About a week ago David brought something to my attention that we both got a good laugh out of, which got me thinking about clearly communicating something people might be prone to assume. A comment on one of our posts said:
Everyone makes a vast number of assumptions every day. That may mean assuming that Google’s estimated travel time will prove accurate, that Amazon will be cheaper, that they’ll hear back from someone, or perhaps that it will be just another ordinary day. These are defaults we often assume based on a combination of probability, heuristic expectations, and our own desires and other biases. However, they are often wrong.
The total debt of households in the US is 1.1 trillion dollars, with over 120 billion dollars of interest every month. The average household has over $6,000 in debt spread across 3 or more credit cards. Researchers also discovered that people were likely to spend significantly more on the same purchases when using a credit card than if they used debit. Even the more wealthy portion of the population accounted for ~20% of late fees due to simple absentmindedness and calculated manipulation.
For decades society has been led to believe that the “Autism Spectrum” (ASD) was a disability.
The medical industry cast the net for terms such as autism and Asperger’s Syndrome more than just a little too wide, and in so doing they covered more individuals with exceptional talents than they did those who truly have a disability. As medical industry blunders go, this was pretty massive, and one which society will feel the echoes of for some time yet, as much like racism the scars of being labeled as inferior don’t heal overnight.
How much of the harm you see could’ve been avoided? How many times has “the buck” been passed?
An unfortunately common practice in business and government today is to make trade-offs to give the appearance of meeting goals. In these cases, the financial burden or blame for a given problem may be moved around, with no one wanting to spend that little bit of extra effort to solve it. Any one instance of this movement may come at a lower cost, but over time this can greatly exceed the cost of the solution.
In reading the book “On Intelligence” I was reminded of the untapped potential of the human brain, and how that potential might be integrated into cognitive architectures. The human brain is exceedingly good at dealing with the senses we have, often simplified as “5 senses”, even though these can actually be broken down into many more distinct senses. However, the senses humans have only cover a small fraction of what is possible, and so humans are only able to directly observe patterns within that small fraction.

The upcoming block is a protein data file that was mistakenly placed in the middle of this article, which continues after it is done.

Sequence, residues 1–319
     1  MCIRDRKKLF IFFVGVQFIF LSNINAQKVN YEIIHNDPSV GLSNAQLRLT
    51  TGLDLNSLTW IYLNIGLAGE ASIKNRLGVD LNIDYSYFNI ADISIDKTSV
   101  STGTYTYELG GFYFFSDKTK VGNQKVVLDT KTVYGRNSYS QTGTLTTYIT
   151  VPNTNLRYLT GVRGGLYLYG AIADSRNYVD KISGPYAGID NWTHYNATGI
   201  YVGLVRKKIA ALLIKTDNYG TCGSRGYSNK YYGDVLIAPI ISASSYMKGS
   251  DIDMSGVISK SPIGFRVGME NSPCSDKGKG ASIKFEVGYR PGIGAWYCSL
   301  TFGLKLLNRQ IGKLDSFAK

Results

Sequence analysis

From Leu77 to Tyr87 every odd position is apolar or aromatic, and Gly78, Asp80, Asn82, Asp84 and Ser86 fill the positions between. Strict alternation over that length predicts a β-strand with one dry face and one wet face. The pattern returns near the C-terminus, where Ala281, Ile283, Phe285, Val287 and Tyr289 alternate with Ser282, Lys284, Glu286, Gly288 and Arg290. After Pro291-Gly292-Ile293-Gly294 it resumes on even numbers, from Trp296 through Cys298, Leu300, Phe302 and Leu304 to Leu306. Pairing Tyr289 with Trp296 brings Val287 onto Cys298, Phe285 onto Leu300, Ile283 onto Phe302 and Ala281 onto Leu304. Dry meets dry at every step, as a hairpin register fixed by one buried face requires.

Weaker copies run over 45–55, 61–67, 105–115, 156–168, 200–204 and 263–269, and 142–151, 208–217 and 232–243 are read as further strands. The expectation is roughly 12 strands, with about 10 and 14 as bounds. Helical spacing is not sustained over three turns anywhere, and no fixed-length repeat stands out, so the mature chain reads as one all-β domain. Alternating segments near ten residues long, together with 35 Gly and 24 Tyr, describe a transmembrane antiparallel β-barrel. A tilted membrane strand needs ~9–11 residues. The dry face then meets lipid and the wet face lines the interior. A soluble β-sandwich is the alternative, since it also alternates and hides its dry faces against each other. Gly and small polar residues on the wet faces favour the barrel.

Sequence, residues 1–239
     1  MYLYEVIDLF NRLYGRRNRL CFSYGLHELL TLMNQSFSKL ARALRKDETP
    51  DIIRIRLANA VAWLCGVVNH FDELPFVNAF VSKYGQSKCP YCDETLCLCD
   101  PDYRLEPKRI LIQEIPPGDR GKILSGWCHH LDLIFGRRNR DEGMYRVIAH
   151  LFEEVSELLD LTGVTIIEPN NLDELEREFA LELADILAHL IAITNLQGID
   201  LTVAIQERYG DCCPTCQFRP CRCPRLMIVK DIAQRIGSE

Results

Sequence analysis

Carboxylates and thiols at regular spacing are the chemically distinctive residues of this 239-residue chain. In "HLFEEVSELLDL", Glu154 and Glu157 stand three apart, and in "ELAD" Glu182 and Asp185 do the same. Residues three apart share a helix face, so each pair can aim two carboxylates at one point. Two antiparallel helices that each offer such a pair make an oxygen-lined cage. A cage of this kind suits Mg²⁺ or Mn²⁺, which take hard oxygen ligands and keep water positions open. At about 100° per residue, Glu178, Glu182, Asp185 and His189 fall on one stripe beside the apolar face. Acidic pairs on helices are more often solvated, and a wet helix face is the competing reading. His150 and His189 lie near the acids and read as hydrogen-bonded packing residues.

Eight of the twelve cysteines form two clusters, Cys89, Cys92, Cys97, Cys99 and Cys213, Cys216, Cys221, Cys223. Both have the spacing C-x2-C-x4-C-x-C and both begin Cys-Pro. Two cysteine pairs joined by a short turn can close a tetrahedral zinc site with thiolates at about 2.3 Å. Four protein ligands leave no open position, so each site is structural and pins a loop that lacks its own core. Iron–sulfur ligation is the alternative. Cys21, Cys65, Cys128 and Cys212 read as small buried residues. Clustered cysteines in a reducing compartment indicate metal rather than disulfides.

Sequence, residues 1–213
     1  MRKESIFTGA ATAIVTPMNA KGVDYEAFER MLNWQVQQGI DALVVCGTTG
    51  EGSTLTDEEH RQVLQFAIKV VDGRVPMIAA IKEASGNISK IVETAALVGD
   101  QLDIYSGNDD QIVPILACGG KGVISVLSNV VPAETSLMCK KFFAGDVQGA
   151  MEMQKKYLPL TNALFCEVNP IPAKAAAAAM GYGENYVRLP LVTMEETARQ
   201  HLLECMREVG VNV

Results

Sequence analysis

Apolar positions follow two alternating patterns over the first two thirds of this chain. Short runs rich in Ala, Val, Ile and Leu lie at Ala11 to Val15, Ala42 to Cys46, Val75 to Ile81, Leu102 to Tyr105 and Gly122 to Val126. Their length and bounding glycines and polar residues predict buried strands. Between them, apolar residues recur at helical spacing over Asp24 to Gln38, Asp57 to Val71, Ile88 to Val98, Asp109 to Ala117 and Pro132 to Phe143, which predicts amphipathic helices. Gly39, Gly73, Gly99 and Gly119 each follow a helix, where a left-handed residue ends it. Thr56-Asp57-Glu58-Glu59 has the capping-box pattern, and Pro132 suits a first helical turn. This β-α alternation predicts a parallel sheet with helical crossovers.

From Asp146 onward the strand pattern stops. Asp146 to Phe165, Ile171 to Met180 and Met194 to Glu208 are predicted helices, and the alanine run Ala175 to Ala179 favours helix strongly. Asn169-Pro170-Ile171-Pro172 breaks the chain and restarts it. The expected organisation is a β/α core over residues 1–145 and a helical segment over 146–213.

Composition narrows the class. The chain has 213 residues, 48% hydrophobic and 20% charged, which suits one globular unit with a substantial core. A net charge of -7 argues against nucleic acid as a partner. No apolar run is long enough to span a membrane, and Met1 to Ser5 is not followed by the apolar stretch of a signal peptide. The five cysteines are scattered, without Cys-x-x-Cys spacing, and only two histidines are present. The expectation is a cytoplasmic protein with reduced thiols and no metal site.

The world of AI is full of misleading terms. “Machine Learning” (ML) doesn’t “learn“, “Neural Networks” (NN) aren’t a remotely accurate representation of neurons, and people on all sides are fond of leaping at Confirmation Bias, even when it promptly takes them off a cliff.
Even with this extremely low bar of overhyped terms many so-called “AI companies” include no AI, and more recently many “Collective Intelligence” companies have emerged to contaminate the usage of that term as well. Fortunately, there is a term which people are only just starting to become more familiar with that hasn’t been quite so thoroughly abused and twisted yet.
People like to use the phrase “Smart City” to indicate a city with a large amount of automation and data collection happening all the time, attempting to optimize by narrow criteria. If the operating system of a city really was sapient and sentient, a city-scale metaorganism, how much smarter might such a Smart City be?
If you wanted to reverse-engineer human thought, where might you begin?
When reading the book “On Intelligence” recently I was reminded of the long history of neuroscience and the many previous dead-ends of AI research. Neuroscientists often focused on gathering huge amounts of largely one-sided or otherwise poor-quality data, even when those same scientists had no way of integrating that data to form a new understanding. This points to a cognitive bias known as “Information Bias”, defined as “The tendency to seek information even when it cannot affect action.“, as well as the Bike-Shedding Effect.
What are the next 10-15 years of human civilization likely to look like?
“What we usually consider as impossible are simply engineering problems… there’s no law of physics preventing them.”
– Michio Kaku
When we engineer rather than merely predicting the future those predictions become far more accurate. To understand humanity’s probable future let us examine the engineering behind it, and some of the influence that engineering may exert on shaping it.